FF and World Cultures

Note that since FF6, many FF games use the real-life culture of a area in creating the continities.

FF6: Europe, 18th century
FF7: America (around the post WW2 area?)
FF8: Western Europe (and Mediterran)
FFX: Japan (and other Asian countries)
FFXI: United Kingdom, Middle Ages.

FFXII: Eastern Europe/Middle East (with United Kingdom/India influences such as accents and terms)

  • Ondore and residents of his city bare a “Indian English” accent
  • Bangaa speak in “Scottish English”, heard more clearly with Ba’Gamnan and his group forcing it.
  • The Viera talk in a “Irish English”.

I wouldn’t really agree. FF is a meld of styles and themes found across the globe and across history and the future . FF6 is steampunk, for example; no European country ever looked like that. FF7 is a mix of shiny futuristic gleams and dreary Depression-era browns. FFXI and FFXII are generic fantasy worlds with a few futuristic touches. The accents are part of the localization team trying to give over personality as indicated by style of speech, something which is natural to Japanese speakers but harder to tell in English.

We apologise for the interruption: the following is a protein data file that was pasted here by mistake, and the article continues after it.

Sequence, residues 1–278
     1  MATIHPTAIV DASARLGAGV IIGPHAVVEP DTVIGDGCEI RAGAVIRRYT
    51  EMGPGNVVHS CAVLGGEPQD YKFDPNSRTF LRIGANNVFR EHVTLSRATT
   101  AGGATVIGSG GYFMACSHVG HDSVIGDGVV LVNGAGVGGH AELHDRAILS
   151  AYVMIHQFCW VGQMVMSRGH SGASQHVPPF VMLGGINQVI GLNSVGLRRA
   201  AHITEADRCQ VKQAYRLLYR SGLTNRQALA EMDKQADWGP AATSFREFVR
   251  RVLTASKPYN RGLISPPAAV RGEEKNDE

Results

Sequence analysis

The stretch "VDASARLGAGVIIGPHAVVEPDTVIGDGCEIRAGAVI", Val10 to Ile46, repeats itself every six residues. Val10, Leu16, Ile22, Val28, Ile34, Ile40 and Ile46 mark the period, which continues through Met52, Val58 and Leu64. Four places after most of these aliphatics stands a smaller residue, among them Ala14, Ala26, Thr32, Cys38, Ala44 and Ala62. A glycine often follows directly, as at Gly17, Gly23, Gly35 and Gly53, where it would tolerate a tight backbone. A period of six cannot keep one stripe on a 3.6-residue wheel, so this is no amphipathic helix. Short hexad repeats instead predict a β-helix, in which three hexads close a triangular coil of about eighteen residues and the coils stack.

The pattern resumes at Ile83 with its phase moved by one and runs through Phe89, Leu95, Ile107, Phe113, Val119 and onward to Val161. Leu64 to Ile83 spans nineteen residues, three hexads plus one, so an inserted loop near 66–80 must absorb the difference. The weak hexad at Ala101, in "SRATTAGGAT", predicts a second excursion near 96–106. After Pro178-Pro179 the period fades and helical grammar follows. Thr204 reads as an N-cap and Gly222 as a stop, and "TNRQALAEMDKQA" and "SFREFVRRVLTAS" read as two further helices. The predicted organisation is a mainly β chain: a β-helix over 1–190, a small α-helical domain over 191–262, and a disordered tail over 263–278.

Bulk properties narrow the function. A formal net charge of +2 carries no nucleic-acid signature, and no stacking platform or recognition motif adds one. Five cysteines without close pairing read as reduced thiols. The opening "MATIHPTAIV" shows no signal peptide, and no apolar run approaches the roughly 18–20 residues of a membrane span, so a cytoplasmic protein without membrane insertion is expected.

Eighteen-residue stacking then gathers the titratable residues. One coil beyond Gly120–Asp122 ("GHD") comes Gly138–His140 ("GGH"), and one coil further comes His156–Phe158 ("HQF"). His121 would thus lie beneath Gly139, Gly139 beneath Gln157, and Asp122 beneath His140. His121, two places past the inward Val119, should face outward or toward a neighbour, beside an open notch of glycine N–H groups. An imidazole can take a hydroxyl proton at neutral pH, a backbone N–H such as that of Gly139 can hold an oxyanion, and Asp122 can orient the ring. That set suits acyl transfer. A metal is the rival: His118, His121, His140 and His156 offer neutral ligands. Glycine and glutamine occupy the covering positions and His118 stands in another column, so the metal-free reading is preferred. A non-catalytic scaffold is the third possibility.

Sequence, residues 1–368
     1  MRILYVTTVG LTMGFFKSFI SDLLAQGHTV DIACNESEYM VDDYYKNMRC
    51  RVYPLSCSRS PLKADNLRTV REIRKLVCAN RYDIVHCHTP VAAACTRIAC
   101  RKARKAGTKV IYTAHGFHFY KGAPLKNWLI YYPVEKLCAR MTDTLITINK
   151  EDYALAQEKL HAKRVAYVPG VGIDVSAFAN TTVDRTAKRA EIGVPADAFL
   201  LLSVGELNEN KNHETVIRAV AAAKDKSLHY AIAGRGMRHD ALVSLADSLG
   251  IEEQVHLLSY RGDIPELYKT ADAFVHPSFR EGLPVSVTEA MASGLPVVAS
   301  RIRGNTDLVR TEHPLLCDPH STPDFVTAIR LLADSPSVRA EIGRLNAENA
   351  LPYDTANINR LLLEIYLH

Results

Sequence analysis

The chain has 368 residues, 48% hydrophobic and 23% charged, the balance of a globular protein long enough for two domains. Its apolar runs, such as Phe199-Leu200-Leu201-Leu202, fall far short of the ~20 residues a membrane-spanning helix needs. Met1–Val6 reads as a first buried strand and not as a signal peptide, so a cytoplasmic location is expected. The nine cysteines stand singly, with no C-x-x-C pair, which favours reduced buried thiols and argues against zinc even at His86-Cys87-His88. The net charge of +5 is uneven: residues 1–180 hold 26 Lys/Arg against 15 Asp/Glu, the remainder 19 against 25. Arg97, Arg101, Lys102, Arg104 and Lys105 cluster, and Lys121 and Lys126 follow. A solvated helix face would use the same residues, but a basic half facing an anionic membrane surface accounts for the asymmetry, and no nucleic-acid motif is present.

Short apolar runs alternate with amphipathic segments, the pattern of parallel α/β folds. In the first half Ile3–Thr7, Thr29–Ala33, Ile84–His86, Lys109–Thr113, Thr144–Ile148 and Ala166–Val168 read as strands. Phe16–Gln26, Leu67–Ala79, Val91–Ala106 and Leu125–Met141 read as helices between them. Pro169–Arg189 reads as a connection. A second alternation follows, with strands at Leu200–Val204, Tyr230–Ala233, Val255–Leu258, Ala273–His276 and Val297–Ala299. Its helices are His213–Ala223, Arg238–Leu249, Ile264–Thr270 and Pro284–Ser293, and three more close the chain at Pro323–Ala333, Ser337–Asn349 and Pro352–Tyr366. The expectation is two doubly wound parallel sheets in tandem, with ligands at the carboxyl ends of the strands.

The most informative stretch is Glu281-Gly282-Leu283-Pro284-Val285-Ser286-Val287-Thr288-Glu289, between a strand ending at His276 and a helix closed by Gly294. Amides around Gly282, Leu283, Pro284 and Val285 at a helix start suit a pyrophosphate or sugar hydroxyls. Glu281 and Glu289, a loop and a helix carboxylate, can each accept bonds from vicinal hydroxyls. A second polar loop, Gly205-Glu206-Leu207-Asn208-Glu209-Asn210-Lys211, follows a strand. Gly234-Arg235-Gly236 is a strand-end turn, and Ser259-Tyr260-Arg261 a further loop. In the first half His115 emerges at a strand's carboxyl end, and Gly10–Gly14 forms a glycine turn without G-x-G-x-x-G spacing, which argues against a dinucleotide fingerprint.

All in all, most of the games have their own unique style which may be more Western or more Eastern in a particular game, but can’t really be said as coming from one specific area.

Where do you see the Mediterranean influence on FFVIII, fractyl?

What Cid says is true for most FFs, however, I believe FF7 is a little different.

FF7: America (around the post WW2 area?)

Actually its pretty clearly supposed to be America(and maybe the industrialized world in general) in the 1980s-1990s.

For instance, I always thought that the Golden Saucer is clearly some weird indictment of Las Vegas and Disney World. A spectacular enterainment hub existing over desperately poor people who make its existence possible.

More importanlty, the whole theme of an immoral corporate power that provides luxury for an oblivious middle-class, while also creating and exploiting unseen slums, is really a modern idea. Cid says that FF7 combines the modern world with 1930s depression; yet I think the creators were really aiming for 1990s depression in Third World countries and American ghettos.

Rigmarole: Easy, certain locations like Edea’s house.

Cidolfas: Its true, as Square’s people pic a area on the world to use as a palette to add in needed fantasy elements of a FF game. Even in the FFX offical book, they mentioned to have used japan’s culture while creating Spira (Pyreflies and Yuna’s FFX attire are good examples of this).

But FFXI is sorta true, as I only covered the first four installments of it. The fifth reflects the middle east, using elements of the Persian Empire.

Actually, I read that it wasn’t Japan they used, but an island south of Japan… I totally forget the name though. -_-

Edea’s house just looked like a house to me. It could have been from anywhere.